Wildlife
E-mail Article to a FriendPrint ArticleBookmark and Share

Don't Be Bothered: Keep Common Pests Away

By Liz Scott
Published: February 1, 2008
snake26547191
Photo by Jupiterimages (all photos)

Your cabin is supposed to be a haven of peace – a place to get away from the worries of real life. But the peace you seek can get interrupted as raccoons knock over your garbage cans, snakes take up residence near your porch or geese soil your shoreline. If you don’t know how to deal with these nuisances, they can ruin a good vacation. And if you can’t beat them, it may help to know that some pests have clear benefits!

Snakes:
Pest Rating: 8 / Benefit Rating: 8

Most snakes are harmless to humans. Even better: Snakes help control the rodent population. Now there’s a benefit! Still, you don’t want them in your cottage. So, if you discover a snake indoors, calmly guide it out an open door, advises the American Humane Society. If you’re not calm, you may drive it further into hiding. Also, you can try to cover the snake with a container and add a weight on top. Then call an experienced handler to humanely remove the snake. Outdoors, in most circumstances, the snake should be allowed to go its own way.

Venomous snakes, in your cabin or yard, should be removed and relocated by an experienced handler such as your local humane society, animal control agency or professional wildlife control operator. Four kinds of snakes in the United States are dangerous to humans: rattlesnakes, cottonmouths (also called water moccasins) copperheads and coral snakes. To discourage snakes from taking up residence in your yard, remove piles of brush, rocks or wood that may hide snakes and their prey.

wasp22676981

Wasps, Yellow Jackets & Hornets:
Pest Rating: 7 / Benefit Rating: 2

Wasps, hornets and yellow jackets pollinate little and can sting a lot. And if anyone in your family has an allergy to the venom, these nasty little pests can be downright dangerous. Benefits? Well, they eat insects like flies and caterpillars that some of us find pesky.

Paper wasps like to build nests in the eaves of your cabin. These guys are no fun, but they’re not incredibly aggressive. You can get rid of them during the day, using a spray you buy at your hardware store. Just don’t stand directly underneath the nest when you spray it – the nest or the wasps can fall right onto you! Remove the nest to deter other critters, such as carpet beetles, from taking up residence.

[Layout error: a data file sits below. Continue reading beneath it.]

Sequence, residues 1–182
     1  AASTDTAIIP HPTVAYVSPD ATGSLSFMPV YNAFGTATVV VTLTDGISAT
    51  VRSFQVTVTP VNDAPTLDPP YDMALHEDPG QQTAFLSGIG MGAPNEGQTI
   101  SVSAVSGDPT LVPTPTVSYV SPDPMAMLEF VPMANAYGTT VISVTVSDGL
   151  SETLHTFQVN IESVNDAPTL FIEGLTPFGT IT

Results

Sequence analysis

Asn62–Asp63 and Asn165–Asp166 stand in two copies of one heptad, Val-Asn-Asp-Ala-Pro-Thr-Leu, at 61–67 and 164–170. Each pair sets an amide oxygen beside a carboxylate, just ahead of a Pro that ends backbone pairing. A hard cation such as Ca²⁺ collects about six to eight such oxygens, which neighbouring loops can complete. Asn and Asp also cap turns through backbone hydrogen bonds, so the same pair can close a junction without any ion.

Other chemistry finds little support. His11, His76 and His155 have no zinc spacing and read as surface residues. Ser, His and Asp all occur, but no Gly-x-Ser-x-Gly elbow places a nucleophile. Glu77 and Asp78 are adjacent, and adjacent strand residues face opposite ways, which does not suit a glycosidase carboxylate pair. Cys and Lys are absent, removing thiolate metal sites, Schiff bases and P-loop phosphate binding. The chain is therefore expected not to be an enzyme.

Yellow jackets, also a kind of wasp, nest in the ground or holes in wood or rock ledges. They can get aggressive and mean. They just love sugary foods and meat – especially at your outdoor meals. If you can find the nest, you can use a spray insecticide late at night, while they are less active. But be careful, as these critters get dangerous when their nest is disturbed. Monitor the nest for several days after you have sprayed to ensure that no yellow jackets have returned. Continue to spray the nest at night if you see more.

Hornets’ nests resemble teardrop-shaped balls and are most typically attached to eaves or tree branches. The University of Kentucky department of entomology warns that since hornets are very dangerous when their nest is disturbed, it is best to call a reliable pest control firm to remove any nests.

BAT

Bats:
Pest Rating: 2 / Benefit Rating: 9

There are over 40 species of bats in the U.S. As a primary predator of night-flying insects, bats are highly beneficial – especially for cabin owners in mosquito-prone areas who want to enjoy a summer night out on their decks. In one hour, a lone little brown bat can eat over 1,000 mosquitoes or mosquito-size insects.

Generally, as bats are non-aggressive and only bite in self-defense, you need only leave them alone. But if you find one in your cabin, the Minnesota Department of Natural Resources has some tips. Isolate it in one room by closing the doors to adjoining areas. Open windows or doors that lead to the outside. Turn down lights so the bat doesn’t hide behind curtains or furniture to avoid the light. Remain quiet as you keep track of the bat. Allow it a clear flight path to exit, as it will follow the air currents to the outside.